Oct 25, 2013; Pittsburgh, PA, USA; The New York Islanders celebrate a goal by left wing Matt Moulson (26) as Pittsburgh Penguins goalie Jeff Zatkoff (37) reacts during the first period at the CONSOL Energy Center. Mandatory Credit: Charles LeClaire-USA TODAY Sports

Pittsburgh Has Backup Goaltender Issue


After another shaky performance from backup goaltender Jeff Zatkoff, the Pittsburgh Penguins are realizing Tomas Vokoun’s absence is really starting to show.

With only two starts under his belt, Zatkoff has been anything but impressive.

Allowing ten goals and owning a horrific 5.04 goals-against-average, Zatkoff hasn’t panned out the way Pittsburgh had hoped, and they might want to consider looking elsewhere for somebody to backstop Marc-Andre Fleury.

To cut Zatkoff some slack, the two games he’s played in were his first two NHL starts ever; however, being that as it may, Pittsburgh only has three losses on the year, with two of them belonging to him.

Surrendering six goals to the lowly Florida Panthers earlier this month and four to the New York Islanders last night, Zatkoff hasn’t really given the Pens’ a shot at winning.

It’s not like the team hasn’t supported him offensively, because they scored four in the Florida game and three in last night’s seesaw battle — which should be enough to come out with a win.

Most of the goals he’s let in have looked terrible too. They’ve squeaked, crept, and wiggled their way by — nearly identical to the forgettable ones Fleury conceded this past postseason.

With Vokoun’s availability this season being cloudy, is it time for the Penguins to start searching for an alternative option?

You also have to put the teams’ salary cap into perspective.

Already pushing the boundaries of the payroll limit, you have to think that Pittsburgh can’t afford to sign anybody else. Or at least if they did, the potential signee would have to ink to the bare minimum, and even that might be tough to fit into the budget.

Goaltenders’ Ilya Bryzgalov, Mathieu Garon, and Johan Hedberg are probably their best options — but are they really worth putting on the roster?

Garon and Hedberg could be good nominees considering they’ve each played in Pittsburgh’s organization. Only thing is, they haven’t performed in a single game this year, and they also haven’t had a training camp or a preseason.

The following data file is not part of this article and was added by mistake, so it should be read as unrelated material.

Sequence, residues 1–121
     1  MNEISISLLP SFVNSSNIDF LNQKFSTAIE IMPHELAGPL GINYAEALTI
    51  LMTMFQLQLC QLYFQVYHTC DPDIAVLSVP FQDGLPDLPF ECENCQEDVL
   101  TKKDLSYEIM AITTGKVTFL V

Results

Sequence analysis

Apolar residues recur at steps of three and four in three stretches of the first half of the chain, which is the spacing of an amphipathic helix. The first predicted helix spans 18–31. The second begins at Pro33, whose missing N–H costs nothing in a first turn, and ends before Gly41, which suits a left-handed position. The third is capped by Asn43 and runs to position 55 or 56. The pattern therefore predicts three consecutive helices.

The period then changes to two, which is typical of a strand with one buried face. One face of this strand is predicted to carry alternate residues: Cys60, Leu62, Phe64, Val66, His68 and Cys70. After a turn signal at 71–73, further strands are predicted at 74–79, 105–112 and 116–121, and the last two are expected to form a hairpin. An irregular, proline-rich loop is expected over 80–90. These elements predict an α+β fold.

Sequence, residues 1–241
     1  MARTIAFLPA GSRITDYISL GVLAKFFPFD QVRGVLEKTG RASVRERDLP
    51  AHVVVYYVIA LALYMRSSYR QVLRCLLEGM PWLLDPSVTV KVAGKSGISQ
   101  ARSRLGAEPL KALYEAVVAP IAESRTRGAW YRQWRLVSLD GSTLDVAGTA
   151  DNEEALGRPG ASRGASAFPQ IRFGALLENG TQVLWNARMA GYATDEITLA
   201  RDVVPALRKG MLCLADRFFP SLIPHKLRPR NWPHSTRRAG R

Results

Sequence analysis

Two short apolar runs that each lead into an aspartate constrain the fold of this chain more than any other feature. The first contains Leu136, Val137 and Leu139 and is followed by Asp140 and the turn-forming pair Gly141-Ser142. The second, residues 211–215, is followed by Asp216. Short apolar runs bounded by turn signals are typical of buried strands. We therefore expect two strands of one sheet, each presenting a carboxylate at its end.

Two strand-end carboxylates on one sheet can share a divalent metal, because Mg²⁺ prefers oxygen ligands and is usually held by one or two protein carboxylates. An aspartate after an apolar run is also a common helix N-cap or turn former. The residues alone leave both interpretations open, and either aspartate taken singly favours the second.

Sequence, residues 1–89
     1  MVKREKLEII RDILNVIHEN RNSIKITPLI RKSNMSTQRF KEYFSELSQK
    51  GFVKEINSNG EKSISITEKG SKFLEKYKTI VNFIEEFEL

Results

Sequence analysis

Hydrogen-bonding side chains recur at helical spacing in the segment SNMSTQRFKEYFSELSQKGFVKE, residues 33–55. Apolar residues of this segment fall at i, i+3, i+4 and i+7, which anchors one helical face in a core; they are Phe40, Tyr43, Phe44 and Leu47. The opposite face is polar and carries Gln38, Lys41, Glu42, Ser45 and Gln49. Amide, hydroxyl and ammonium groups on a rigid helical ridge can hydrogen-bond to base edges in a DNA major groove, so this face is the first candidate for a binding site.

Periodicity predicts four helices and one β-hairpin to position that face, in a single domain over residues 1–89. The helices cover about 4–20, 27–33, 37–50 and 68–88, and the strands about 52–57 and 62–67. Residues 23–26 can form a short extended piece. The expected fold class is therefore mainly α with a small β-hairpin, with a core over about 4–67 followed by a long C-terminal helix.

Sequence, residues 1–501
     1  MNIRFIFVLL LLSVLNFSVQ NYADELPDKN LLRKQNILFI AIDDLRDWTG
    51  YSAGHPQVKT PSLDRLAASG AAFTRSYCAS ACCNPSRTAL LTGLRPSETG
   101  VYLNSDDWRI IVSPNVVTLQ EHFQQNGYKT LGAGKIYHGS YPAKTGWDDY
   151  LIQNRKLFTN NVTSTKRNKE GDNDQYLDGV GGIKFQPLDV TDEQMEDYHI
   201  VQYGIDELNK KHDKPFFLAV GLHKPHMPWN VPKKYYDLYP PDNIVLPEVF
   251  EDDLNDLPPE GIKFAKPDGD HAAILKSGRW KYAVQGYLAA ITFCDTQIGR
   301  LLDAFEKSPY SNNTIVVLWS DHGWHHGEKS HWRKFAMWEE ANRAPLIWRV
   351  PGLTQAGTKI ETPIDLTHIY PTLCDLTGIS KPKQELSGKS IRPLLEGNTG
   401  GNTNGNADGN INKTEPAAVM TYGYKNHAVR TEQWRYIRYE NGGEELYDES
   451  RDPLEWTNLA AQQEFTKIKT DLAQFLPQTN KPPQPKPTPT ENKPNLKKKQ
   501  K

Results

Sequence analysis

Whichever way you look at it, Zatkoff will most likely continue to fill-in for Vokoun, and it scares me. The team could look within the organization, however, they probably won’t find anyone that’s ready or will be any more effective than Zatkoff.

The only benefit that’s coming out of this is the fact that Fleury is playing extremely well out the gate. Recognizing the team has an inexperienced backup, Fleury’s psyche is thriving because he knows the team needs him now more than ever.

We’ll have to see how this situation plays out, but the team has got to find a way to either get Zatkoff rolling or Fleury a better counterpart.

Pittsburgh plays tonight against the Toronto Maple Leafs at 7 p.m.


Tags: Pittsburgh Penguins

  • TomD

    Many thoughts about your post, Johnny.

    I hope you are right about Fleury over the rest of the regular season . . . but his play right now reminds me too much of his regular season play from recent years. Steady play interspersed with erratic play. The Penguin’s are playing better defense in front of their goaltenders this year . . . frequently outshooting their opponents 2 to 1 . . . but still losing close games. Not a good sign. And giveaways are still a problem.

    With all the talent at forward, and more consistent play on defense, it is a shame that this team will probably lose many regular season games due to inconsistent goaltending. Luckily, they play in the weakest division in the NHL. But the playoffs will demand more consistent goaltending.